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Thursday, November 19, 2009
 Intel Makes Multi-Million Euro Investment to Create European Exascale Computing Research Center
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Message Text: Commissariat à l'Énergie Atomique, Grand Equipement National de Calcul Intensif, Intel Corporation and Université de Versailles Saint-Quentin-en-Yvelines have entered into an agreement to create an Exascale Computing Research Center.

Part of Intel's European research network - Intel Labs Europe - the center will explore how to build high-performance computing systems with a thousand times the performance of today's fastest supercomputers. The term "exascale" refers to computers that are able to process 1 trillion - or 1 million million million - instructions per second.

Intel said that it would support the Exascale Computing Research Center with a multi-million Euro investment over a 3-year period. The French Atomic Energy Commission, the Versailles Saint-Quentin-en-Yvelines University and the French National High-Performance Computing Agency will combine to match Intel's contribution. This is Intel's first joint lab in Europe focused exclusively on high-performance computing. It will complement and extend Intel's existing high-performance computing research programs, investments and initiatives, including the Intel Academic Community Program and European Space Agency's "Mapping the Globe from Space" project.

The research agenda of the Exascale Computing Research Center will include integrating multi petaFLOPS systems, developing advanced performance optimization techniques, and collaborating with end users to optimize supercomputer performance in areas such as energy, seismology, computational fluid dynamics and health care.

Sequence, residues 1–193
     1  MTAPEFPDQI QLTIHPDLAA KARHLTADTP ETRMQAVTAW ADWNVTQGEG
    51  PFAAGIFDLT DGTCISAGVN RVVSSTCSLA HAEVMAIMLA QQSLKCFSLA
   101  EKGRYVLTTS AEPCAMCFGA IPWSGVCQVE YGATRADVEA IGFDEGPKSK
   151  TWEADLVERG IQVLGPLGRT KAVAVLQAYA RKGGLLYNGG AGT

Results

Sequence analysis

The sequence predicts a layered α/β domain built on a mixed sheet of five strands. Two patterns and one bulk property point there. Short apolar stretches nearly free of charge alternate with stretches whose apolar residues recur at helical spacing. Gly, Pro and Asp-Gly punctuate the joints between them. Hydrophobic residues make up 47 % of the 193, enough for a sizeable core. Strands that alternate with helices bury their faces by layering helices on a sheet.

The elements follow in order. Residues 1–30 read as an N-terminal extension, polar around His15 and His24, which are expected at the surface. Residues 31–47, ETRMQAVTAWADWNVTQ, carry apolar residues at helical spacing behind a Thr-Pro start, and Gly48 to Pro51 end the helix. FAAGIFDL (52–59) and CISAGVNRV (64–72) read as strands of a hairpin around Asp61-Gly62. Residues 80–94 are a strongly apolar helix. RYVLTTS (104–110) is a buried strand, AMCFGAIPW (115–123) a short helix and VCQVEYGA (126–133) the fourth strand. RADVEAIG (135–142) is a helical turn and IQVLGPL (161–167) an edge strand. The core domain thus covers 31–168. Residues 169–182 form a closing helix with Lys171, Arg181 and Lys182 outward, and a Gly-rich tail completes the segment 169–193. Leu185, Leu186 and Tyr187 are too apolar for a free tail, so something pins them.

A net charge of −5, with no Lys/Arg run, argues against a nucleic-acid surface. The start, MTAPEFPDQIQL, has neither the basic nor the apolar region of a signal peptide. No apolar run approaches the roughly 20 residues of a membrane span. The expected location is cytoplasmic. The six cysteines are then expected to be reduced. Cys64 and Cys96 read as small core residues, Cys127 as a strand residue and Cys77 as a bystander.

The advent of exascale is expected to enable supercomputers to solve much more complex problems than today. For example in health care this capability should enable highly sophisticated genome calculations, enabling individualized patient treatment, or simulation of cell interactions to provide new cancer treatments. Another application can be found in seismology where exascale computing could enable more detailed prediction of ground movement at sites with high security requirements or where frequent movement is expected. In climate modeling, more accurate long-term forecasts and much more detailed local weather forecasts could be made.

The Exascale Computing Research Center will employ about a dozen people initially and is expected to eventually grow to about three times that number, Intel added.
 
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